HTTP Protocol

Google Wave allows client applications to fetch and modify waves on behalf of users, using the Wave Data Protocol detailed in this document. The protocol is based on sending JSON-RPC messages to the Wave server, and receiving JSON in response.

Instead of using the protocol to create your application, you can use the existing client libraries, and let them take care of forming and parsing the JSON messages.

However, understanding the protocol can help you debug your application much more efficiently, allowing you to inspect and understand the messages which get transmitted and received. As well, understanding the protocol allows you to directly communicate with Wave without use of a client library, and could potentially allow you to create your own client library.

Contents

  1. Authentication
  2. Operations
    1. Robot Operations
    2. Wavelet Operations
    3. Blip Operations
    4. Document Operations
  3. Events

Authentication

All interactions with Wave data require authentication via OAuth. For information about authentication a user of your application this way, read OAuth for Web Applications.

When accessing the Wave Data APIs, an authorization token must be authorized for this scope:

 
http://wave.googleusercontent.com/api/rpc

All other parameters, like the endpoints for generating access tokens, are the same as other Google services and defined in the documentaton linked above.

Operations

To interact with waves, an application can send operations to Wave. These operations consist of JSON-RPC messages. A simple message which sets a wave's title, creates a blip, and writes "Hello World" is shown below:

 
[{
  "params": {
    "capabilitiesHash": "b31821e"
  },
  "id": "0",
  "method": "robot.notifyCapabilitiesHash"
},
{
  "params": {
    "waveletId": "google.com!conv+root",
    "waveId": "google.com!w+ja8F_Hw4g",
    "waveletTitle": "A wavelet title"
  },
  "id": "op1",
  "method": "wavelet.setTitle"
},
{
  "params": {
    "blipId": "b+ja8F_Hw4h",
    "waveletId": "google.com!conv+root",
    "waveId": "google.com!w+ja8F_Hw4g",
    "blipData": {
      "blipId": "TBD_google.com!conv+root_1",
      "waveletId": "google.com!conv+root",
      "waveId": "google.com!w+ja8F_Hw4g"
    }
  },
  "id": "op2",
  "method": "blip.createChild"
},
{
  "params": {
    "blipId": "TBD_google.com!conv+root_1",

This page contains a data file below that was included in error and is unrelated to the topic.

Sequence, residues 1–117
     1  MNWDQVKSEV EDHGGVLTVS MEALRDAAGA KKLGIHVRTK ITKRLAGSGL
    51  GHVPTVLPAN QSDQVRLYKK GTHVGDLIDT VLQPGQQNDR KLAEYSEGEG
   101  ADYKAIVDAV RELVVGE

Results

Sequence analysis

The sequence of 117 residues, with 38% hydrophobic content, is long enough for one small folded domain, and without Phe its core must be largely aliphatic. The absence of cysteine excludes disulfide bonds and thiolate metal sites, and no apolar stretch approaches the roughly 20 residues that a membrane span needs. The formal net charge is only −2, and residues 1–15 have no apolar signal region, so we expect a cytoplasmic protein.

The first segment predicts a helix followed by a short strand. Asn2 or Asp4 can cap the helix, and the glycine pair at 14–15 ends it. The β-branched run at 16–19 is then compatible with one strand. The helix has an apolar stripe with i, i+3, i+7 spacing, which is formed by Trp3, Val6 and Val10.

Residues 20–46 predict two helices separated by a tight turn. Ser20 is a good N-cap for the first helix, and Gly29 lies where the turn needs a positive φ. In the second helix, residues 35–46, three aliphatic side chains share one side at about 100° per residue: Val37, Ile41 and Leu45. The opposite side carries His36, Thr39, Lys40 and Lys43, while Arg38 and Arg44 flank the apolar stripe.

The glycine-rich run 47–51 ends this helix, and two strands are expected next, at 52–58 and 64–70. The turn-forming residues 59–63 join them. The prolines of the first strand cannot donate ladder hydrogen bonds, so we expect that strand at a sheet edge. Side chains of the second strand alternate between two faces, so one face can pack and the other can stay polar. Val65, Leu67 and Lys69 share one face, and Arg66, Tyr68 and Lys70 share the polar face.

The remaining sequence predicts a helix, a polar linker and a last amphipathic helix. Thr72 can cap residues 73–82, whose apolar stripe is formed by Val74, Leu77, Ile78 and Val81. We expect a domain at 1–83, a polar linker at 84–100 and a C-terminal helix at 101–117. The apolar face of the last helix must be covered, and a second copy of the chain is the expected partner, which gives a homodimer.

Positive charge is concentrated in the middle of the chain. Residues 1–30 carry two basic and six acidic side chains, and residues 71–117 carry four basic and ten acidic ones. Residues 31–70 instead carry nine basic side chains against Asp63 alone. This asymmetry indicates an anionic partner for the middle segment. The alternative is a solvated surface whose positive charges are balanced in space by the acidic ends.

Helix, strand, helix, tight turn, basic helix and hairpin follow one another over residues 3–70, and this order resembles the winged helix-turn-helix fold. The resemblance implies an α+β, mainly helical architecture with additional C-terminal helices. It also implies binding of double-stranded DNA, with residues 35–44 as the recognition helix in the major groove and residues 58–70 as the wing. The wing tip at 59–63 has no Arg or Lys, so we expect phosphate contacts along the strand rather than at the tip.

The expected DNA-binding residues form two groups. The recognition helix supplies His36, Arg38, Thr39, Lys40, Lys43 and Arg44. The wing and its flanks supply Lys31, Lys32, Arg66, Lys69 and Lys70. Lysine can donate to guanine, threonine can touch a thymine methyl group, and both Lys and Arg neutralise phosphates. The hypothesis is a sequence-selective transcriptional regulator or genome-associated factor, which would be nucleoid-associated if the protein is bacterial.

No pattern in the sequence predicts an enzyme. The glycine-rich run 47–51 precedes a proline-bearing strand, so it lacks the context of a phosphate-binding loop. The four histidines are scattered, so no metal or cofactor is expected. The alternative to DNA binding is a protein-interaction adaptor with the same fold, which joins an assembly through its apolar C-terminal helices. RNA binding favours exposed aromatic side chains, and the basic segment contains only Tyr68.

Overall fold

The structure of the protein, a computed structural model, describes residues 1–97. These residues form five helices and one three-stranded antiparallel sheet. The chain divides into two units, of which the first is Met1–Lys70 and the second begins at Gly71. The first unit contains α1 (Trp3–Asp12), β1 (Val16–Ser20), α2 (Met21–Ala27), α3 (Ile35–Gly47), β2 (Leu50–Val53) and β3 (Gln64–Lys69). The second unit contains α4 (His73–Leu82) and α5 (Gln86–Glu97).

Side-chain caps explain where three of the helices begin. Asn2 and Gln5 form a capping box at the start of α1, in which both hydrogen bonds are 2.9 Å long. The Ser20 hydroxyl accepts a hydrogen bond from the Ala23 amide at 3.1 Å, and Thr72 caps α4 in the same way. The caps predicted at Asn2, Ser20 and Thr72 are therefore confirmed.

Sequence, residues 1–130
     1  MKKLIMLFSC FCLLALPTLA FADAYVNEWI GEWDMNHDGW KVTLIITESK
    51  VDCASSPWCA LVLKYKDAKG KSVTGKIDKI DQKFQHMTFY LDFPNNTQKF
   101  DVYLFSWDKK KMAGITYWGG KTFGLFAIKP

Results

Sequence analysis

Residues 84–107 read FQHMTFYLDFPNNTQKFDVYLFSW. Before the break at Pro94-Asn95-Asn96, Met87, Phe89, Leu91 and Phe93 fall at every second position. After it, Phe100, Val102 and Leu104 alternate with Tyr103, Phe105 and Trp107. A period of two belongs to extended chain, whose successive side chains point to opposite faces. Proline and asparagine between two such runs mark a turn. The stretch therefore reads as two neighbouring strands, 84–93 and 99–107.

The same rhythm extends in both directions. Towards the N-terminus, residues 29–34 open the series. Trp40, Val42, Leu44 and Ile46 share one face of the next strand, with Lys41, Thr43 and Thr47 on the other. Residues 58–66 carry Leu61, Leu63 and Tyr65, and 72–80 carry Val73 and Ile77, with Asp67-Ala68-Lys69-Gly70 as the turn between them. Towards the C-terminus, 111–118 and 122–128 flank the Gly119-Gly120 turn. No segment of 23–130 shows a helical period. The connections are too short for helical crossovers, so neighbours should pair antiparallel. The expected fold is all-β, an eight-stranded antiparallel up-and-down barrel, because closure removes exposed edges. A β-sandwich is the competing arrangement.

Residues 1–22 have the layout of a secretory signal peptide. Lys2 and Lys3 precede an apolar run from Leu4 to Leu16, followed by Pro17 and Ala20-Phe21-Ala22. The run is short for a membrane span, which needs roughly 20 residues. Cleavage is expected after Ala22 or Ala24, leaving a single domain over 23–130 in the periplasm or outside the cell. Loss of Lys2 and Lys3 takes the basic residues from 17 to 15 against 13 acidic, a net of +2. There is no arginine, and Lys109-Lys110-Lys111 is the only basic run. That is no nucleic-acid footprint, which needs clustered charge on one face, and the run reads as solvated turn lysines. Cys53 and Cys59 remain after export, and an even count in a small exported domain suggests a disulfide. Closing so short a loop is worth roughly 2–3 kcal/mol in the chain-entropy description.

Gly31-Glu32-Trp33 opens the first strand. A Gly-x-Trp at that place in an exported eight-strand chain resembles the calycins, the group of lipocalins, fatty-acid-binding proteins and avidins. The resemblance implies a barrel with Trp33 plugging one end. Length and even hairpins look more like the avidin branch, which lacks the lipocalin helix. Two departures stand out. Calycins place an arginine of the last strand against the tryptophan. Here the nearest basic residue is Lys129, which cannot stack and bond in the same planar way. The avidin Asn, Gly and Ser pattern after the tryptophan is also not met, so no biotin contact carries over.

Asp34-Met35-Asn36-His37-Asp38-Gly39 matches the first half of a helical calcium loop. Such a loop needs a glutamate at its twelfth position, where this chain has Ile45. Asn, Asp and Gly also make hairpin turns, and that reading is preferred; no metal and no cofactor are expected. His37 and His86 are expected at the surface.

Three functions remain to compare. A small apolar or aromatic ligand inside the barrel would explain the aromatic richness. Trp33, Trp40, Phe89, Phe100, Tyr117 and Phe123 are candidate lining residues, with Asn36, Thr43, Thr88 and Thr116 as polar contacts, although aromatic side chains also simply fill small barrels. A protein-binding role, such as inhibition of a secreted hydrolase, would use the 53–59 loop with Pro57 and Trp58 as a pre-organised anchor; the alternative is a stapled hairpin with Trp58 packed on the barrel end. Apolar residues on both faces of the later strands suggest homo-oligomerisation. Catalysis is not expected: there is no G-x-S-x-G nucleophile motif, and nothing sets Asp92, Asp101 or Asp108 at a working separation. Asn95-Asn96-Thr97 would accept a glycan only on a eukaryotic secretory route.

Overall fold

"how": 0,
    "waveId": "google.com!w+ja8F_Hw4g",
    "text": "Hello World",
    "waveletId": "google.com!conv+root"
  },
  "id": "op3",
  "method": "document.modify"
}]

Note that this JSON message contains no root element. Instead it contains a params array, which in turn contains several methods. Each method contains params appropriate to the particular operation. Operations are ordered by their id value, even though operations are usually bundled together.

Operation methods operate on the following namespaces within the Wave system:

  • robot operations
  • wavelet operations
  • blip operations
  • document operations

Note that all blips contain a document as well, which contains their actual content, so most document operations also apply to Blips.

Robot Operations

Robot operations are those operations not tied to a particular element in the wave (e.g. wavelet, blip, etc.) All operations that operate over all these elements are attached to the "robot" namespace. You can think of robot operations as global operations.

Some robot operations use a WaveletData object to pass information about a wavelet back to the Wave server. A sample WaveletData object (in JSON) is shown below:

 
{
  "rootBlipId": "b+VY9jKnm3B",
  "creator": "wperson5@google.com",
  "blips": {
    "b+VY9jKnm3B": {
      "blipId": "b+VY9jKnm3B",
      "waveletId": "google.com!conv+root",
      "elements": {
        "0": {
          "type": "LINE",
          "properties": {
          }
        },
        "1": {
          "type": "IMAGE",
          "properties": {
            "url": "http://www.google.com/logos/clickortreat1.gif",
            "width": 320,
            "height": 118
          }
        }
      },
      "contributors": [
        "wperson5@google.com"
      ],
      "creator": "wperson5@google.com",
      "parentBlipId": null,
      "annotations": [
        {
          "range": {
            "start": 0,
            "end": 1
          },
          "name": "conv/title",
          "value": ""
        }
      ],
      "content": "n ",
      "lastModifiedTime": 1260506637489,
      "childBlipIds": [
      ],
      "waveId": "google.com!w+VY9jKnm3A"
    }
  },
  "title": "A wavelet title",
  "creationTime": 1260506637495,
  "dataDocuments": {
  },
  "waveletId": "google.com!conv+root",
  "participants": [
    "kitchensinky+proxy@appspot.com",
    "kitchensinky@appspot.com",
    "wperson5@google.com"
  ],